This 12 week programme brings together experts from the School of Business, Geoscience and Law. You’ll study through a mixture of self-paced learning, and facilitated live discussions with participants from across the financial services sector.

Course structure

Modules include climate change fundamentals, data and measurement, physical and transition risks, and climate law.

Learning outcomes include:

  • Understanding the climate-economy, and the associated investment risks and opportunities, across asset classes and financial actors.
  • Extending beyond accounting, appreciate the role of climate-related data in more complex modelling and financial analysis and decision-making.
  • Understanding how physical climate hazards (physical climate risks) and low-carbon transition (transition climate risk) can be threat multipliers to key macro-financial risks, including structural risks, idiosyncratic risks, and other systemic risks.


Week One

Get to know the cohort and the presenters who will guide you through the content. Access the learning platform, pre-reading materials, reflective exercise and take part in benchmarking activity.

Live session:

You will have a live session for each block of content. Here, you will be able to ask any questions you have on the content in the pre-recorded material and engage with the presenters and fellow learners on practical next steps.

The live sessions include panel discussions, group work and interviews with practitioners to help bring the content to life.

Module A: Introduction and Foundation

Week Two and Three

A1: Climate Change Fundamentals

Understanding the science of climate change and global warming; its importance as a global political, economic, and societal risk; current Intergovernmental Panel on Climate Change (IPCC) models and climate change scenarios.

A2: Climate Change and Financial Services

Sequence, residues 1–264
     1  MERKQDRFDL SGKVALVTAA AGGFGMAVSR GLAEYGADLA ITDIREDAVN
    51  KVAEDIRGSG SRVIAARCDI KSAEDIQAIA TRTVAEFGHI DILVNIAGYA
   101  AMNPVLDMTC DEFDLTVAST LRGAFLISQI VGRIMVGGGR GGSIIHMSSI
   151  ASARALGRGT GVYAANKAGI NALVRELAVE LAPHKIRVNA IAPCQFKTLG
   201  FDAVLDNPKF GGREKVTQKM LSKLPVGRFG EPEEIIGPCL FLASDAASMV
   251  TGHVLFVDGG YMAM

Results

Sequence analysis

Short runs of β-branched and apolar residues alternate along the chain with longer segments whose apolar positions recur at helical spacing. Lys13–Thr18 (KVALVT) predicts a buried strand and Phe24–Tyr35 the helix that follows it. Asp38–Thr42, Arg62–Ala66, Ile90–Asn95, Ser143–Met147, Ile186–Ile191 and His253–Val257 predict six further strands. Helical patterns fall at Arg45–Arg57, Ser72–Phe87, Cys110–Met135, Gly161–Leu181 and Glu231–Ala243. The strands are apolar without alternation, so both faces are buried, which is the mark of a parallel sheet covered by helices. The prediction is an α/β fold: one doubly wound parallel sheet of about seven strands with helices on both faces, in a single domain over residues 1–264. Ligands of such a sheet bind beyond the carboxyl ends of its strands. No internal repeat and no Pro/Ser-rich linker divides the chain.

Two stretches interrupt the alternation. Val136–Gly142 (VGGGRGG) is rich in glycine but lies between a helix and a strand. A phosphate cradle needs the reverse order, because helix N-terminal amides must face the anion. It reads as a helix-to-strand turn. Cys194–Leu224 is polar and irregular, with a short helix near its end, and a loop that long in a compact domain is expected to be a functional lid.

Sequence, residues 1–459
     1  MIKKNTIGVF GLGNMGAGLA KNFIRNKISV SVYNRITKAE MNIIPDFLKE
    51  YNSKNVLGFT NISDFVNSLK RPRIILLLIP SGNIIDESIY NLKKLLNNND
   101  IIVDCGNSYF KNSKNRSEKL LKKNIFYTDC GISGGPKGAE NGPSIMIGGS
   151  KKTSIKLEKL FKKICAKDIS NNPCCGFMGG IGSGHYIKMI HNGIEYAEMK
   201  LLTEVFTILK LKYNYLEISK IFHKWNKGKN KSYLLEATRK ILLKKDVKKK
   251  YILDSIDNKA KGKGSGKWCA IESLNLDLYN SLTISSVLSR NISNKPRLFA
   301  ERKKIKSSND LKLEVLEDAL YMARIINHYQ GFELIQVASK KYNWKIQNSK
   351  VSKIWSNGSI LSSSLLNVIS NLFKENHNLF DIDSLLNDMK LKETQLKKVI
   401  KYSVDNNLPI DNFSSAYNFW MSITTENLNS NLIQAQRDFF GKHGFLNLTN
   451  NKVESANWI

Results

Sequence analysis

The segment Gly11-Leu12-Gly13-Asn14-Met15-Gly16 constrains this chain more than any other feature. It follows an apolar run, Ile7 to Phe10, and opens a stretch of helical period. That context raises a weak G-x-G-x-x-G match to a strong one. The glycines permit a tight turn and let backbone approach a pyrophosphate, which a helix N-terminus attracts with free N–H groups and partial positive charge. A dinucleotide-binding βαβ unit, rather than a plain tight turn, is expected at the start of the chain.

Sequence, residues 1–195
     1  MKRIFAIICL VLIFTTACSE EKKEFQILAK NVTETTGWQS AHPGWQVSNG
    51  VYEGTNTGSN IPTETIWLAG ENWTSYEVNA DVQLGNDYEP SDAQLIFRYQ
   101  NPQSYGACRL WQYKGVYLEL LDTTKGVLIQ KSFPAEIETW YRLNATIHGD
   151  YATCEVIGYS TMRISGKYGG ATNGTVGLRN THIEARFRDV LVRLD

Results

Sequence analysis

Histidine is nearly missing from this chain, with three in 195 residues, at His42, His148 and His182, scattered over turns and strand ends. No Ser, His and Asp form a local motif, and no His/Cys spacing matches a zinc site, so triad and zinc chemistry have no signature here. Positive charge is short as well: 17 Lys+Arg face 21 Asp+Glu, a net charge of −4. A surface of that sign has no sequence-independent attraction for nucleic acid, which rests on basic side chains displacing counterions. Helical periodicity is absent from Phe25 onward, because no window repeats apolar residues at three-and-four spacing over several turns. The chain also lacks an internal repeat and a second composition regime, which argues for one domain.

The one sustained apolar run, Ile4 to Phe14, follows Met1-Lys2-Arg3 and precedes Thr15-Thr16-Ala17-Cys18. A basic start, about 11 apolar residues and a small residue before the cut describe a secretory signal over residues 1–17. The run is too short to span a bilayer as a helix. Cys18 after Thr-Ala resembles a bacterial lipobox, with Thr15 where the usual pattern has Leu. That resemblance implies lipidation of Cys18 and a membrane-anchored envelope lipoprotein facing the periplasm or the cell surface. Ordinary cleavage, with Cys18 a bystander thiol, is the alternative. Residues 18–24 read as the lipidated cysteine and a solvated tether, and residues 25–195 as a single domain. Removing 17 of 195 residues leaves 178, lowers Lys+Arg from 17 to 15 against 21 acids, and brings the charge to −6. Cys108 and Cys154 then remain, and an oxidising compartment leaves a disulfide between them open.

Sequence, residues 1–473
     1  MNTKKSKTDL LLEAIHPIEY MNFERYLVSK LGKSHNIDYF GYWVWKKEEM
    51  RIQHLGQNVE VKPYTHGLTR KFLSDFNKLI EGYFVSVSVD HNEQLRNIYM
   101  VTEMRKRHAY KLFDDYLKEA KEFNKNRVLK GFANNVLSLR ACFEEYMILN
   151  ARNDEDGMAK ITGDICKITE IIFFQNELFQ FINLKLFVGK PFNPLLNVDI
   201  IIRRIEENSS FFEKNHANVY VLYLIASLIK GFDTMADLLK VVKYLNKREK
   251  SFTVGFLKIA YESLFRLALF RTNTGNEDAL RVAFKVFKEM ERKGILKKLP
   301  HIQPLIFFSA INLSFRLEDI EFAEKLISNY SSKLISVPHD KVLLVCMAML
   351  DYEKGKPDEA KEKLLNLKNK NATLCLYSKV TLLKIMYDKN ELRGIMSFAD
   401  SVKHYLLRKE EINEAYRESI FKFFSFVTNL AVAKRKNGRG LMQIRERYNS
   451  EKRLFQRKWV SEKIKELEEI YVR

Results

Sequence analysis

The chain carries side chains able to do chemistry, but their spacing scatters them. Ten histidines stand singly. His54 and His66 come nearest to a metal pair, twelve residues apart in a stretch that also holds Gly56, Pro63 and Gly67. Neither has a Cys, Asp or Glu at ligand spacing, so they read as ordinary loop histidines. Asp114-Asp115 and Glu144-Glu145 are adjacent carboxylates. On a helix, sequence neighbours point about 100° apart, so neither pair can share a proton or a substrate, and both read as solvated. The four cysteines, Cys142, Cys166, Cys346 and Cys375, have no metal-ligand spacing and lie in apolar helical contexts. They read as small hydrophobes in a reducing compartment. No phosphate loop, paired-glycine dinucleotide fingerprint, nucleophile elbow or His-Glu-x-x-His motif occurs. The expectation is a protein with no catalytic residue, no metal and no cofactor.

Understand the difference between 'of' and 'on': Impact of climate change on individuals, organisations, industries and of these entities on climate change; Explore climate change as a holistic - not a scientific – challenge.

A3: Terms, Concepts, and Acronyms

Appreciate the context of climate change financial data; explore what different terms and acronyms mean, why they change, and why there are inconsistencies.

Live session:

An opportunity to engage with the module’s content, share insights and ask questions of the presenters and each other.

Module B: Measurement and Context

Week Four and Five

B1: Navigating Environmental, Social, Governance, and other Climate Change Data

Extending beyond accounting, appreciate the role of data in more complex modelling and financial analyses and decision-making.

B2: Measurement and Accounting

Explore carbon footprinting and greenhouse gas measurement in more detail: how are greenhouse gas emissions measured, and for what purposes; the use of greenhouse gas data to inform financial decision-making.

B3: Carbon Offset Markets

Explore the voluntary and compliance offset markets (including Carbon Offsetting and Reduction Scheme for International Aviation (CORSIA) - the planned global offset scheme for the aviation sector), and some of the challenges raised by offsetting.

B4: Carbon Pricing Data

Describe key global, regional, national, and local carbon pricing policies; examine the potential impact of carbon pricing and carbon taxes on regulated industries and the financial services sector; emerging issues and trends in regulatory approaches to carbon pricing risk.

Live session:

An opportunity to engage with the module’s content, share insights and ask questions of the presenters and each other.

Module C: Physical Risks and Finance

Week Six and Seven

C1: Impact of Climate Change